Technology and Telecommunications

Critical Infrastructure operators – Do you comply with Australia’s new cyber incident reporting laws?

June 7, 2022

A significant increase in sophisticated cyber-attacks over the past couple of years has highlighted the vulnerability of Australian industries and critical infrastructure to malicious online threats.

The Australian Government’s response has been to amend the Security of Critical Infrastructure Act 2018 (Cth) (SOCI Act) with the aim of strengthening cyber-security and resilience to attacks.

Several amendments have already come into force which have broadened the SOCI Act to include further critical infrastructure sectors and assets and given powers to the Government to directly intervene in exceptional circumstances.

The Government is also permitted to declare certain critical infrastructure assets as Systems of National Significance, with entities responsible for these systems subject to enhanced cyber security obligations.

A number of other changes are soon to take effect.  This article is a reminder for those responsible entities managing critical infrastructure assets (or direct interest holders in certain circumstances) about the positive security obligations they are required to comply with and the expiry of the relevant grace periods for each obligation, which are fast approaching.

Mandatory cyber incident reporting

From 8 July, 2022, where a cyber-security incident has occurred, is occurring or is imminent and has had, is having or is likely to have either a significant or a relevant impact on certain critical infrastructure assets, the responsible entity is required to report the incident to the Australian Signals Directorate (ASD) within 12 or 72 hours (depending on the extent of the impact).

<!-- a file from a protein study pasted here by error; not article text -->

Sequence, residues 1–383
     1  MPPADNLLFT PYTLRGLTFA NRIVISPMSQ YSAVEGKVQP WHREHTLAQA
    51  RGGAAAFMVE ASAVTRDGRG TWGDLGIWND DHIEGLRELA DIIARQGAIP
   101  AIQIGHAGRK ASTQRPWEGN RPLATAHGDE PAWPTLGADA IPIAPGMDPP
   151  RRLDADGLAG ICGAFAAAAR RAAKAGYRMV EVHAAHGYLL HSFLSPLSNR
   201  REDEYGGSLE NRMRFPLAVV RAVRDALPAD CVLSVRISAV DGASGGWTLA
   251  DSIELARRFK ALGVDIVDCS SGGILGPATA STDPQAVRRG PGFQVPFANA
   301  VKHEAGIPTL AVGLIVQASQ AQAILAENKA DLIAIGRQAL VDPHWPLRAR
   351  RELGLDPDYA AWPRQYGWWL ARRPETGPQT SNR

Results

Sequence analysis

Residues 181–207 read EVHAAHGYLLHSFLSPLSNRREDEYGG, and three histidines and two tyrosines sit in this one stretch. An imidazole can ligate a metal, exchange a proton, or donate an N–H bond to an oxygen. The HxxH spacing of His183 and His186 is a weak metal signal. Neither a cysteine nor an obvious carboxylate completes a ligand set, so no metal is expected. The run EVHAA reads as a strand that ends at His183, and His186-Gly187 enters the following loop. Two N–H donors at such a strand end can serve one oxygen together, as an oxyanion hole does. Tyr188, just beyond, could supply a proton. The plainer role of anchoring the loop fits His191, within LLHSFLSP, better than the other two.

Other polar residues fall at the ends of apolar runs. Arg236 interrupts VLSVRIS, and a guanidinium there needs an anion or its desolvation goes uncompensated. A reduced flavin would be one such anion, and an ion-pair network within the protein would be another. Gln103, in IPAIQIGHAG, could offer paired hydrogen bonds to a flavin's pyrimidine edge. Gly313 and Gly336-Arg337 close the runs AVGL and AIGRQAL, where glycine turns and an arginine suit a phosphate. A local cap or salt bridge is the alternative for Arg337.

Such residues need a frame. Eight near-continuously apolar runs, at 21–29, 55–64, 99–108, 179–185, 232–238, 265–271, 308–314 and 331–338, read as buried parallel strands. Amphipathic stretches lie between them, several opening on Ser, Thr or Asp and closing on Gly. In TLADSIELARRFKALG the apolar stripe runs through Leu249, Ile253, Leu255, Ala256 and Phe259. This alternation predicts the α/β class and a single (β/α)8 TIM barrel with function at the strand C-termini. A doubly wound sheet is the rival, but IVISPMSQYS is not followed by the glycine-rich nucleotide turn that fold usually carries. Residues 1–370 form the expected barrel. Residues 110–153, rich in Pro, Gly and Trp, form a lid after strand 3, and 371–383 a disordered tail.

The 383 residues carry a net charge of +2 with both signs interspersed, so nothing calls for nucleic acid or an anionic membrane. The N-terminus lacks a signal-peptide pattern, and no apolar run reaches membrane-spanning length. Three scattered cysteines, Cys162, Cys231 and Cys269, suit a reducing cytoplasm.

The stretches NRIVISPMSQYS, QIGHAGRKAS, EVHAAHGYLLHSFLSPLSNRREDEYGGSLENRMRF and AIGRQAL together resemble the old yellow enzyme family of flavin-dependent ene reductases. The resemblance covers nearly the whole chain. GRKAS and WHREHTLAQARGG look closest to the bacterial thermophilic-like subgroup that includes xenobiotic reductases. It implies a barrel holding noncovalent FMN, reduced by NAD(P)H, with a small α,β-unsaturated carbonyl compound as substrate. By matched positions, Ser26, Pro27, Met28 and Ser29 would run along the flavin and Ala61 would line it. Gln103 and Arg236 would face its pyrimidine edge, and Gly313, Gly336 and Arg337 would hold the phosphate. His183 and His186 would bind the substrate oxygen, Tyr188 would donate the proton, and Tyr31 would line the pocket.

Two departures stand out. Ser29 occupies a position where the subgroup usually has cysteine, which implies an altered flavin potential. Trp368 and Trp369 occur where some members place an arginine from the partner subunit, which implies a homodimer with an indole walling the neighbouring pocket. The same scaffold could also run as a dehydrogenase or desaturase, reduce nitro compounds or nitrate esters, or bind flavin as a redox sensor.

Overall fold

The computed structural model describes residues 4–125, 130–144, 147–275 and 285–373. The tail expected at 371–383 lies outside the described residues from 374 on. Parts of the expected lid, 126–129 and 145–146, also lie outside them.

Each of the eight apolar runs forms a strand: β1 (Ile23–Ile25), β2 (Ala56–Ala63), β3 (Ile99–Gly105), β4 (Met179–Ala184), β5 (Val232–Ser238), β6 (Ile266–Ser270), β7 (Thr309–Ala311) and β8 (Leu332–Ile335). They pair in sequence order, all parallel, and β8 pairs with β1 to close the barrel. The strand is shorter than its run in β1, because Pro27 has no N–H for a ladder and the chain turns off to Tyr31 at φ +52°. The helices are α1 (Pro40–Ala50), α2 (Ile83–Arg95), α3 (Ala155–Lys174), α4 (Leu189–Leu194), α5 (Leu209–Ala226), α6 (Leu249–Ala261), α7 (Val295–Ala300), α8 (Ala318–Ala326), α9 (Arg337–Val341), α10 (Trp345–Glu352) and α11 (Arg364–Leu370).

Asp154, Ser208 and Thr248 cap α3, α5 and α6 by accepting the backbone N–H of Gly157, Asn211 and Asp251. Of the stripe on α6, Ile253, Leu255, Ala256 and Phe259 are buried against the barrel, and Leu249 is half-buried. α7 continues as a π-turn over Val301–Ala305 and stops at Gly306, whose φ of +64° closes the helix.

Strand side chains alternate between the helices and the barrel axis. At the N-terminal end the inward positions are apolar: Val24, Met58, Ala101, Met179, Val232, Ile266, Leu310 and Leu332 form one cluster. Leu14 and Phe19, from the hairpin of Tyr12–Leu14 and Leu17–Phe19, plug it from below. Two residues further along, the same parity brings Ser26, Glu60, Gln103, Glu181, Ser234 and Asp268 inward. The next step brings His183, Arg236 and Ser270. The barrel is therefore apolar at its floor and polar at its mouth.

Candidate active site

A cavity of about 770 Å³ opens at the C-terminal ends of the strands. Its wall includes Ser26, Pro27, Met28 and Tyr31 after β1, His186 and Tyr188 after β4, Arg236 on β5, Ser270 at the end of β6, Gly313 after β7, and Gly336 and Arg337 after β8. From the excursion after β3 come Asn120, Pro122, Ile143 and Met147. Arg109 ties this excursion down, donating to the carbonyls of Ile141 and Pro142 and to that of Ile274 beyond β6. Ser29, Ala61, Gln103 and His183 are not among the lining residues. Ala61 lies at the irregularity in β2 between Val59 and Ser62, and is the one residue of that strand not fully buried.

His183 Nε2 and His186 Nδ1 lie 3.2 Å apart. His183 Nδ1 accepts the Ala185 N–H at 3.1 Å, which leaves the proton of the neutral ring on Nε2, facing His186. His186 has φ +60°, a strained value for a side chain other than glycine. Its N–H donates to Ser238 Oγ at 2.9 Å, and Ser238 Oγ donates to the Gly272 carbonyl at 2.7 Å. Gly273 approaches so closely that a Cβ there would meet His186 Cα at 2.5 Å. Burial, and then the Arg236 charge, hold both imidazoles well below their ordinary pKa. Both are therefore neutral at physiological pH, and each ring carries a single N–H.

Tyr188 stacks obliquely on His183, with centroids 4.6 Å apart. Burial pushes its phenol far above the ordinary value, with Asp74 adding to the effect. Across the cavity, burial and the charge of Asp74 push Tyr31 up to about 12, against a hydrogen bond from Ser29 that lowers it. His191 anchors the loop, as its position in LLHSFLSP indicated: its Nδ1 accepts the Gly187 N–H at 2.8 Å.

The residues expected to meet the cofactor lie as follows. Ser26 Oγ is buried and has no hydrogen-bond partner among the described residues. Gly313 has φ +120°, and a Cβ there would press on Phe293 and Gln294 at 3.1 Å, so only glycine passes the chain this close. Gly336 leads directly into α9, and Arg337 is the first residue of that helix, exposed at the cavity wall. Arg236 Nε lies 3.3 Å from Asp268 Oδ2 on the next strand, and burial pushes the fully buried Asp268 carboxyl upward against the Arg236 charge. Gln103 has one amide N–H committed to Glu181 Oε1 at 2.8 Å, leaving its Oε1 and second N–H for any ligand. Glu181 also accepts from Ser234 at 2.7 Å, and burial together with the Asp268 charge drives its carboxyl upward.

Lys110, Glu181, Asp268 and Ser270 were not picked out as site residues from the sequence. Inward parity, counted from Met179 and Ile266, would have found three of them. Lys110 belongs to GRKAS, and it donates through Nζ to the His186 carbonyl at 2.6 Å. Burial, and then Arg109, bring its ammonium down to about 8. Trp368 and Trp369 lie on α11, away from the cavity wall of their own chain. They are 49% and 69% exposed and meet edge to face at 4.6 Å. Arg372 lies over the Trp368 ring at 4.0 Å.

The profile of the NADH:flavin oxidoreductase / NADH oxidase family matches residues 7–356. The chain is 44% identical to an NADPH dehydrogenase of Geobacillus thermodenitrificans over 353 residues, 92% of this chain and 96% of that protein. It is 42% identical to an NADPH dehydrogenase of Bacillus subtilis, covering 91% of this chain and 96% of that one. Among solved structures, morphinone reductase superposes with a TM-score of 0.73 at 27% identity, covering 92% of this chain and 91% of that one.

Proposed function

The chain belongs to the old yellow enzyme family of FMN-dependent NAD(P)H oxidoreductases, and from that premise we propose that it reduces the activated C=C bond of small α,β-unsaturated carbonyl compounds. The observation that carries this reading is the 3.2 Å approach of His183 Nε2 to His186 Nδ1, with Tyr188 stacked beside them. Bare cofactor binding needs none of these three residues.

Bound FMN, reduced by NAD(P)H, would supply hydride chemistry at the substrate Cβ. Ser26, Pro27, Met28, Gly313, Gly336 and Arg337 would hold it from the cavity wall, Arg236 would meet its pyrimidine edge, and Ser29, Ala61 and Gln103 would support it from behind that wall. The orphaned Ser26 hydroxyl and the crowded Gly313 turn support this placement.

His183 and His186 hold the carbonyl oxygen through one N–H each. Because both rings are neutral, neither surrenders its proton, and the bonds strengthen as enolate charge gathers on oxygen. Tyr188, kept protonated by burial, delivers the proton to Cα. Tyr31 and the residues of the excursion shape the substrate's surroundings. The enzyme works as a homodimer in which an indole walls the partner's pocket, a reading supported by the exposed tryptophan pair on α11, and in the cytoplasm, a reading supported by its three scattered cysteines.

Within the Department of Home Affairs (Department), the Cyber and Infrastructure Security Centre body (CISC) assists responsible entities of critical infrastructure to understand their regulatory requirements and obligations.  The CISC has provided the following list of items that a responsible entity may be asked to provide under its reporting obligations:

  • information about the responsible entity (including the ABN number and name of a contact person);
  • the relevant critical infrastructure sector;
  • the date and time the incident was identified;
  • whether the incident is ongoing;
  • when the responsible entity came across the incident;
  • the type of incident (eg, ransomware attack);
  • which areas of the responsible entity the incident is affecting (eg, customer data);
  • whether the responsible entity has reported the incident to anyone else (eg, to its customers);
  • type of impact the incident is having on the asset (eg, significant or relevant); and
  • any other material information about the incident.

Responsible entities for critical infrastructure assets should ensure they are prepared to report cyber security incidents within the required timeframes.

Given the short timeframes for reporting, responsible entities should familiarise themselves with the CISC factsheets and guidelines and review their processes and tools for responding to such incidents.

Register of Critical Infrastructure Assets

From October 8, 2022, a reporting entity must provide the Secretary of the Department of Home Affairs (Secretary) with certain information in relation to certain critical infrastructure assets and/or the entity.  The Secretary will store this information and maintain a Register of Critical Infrastructure Assets.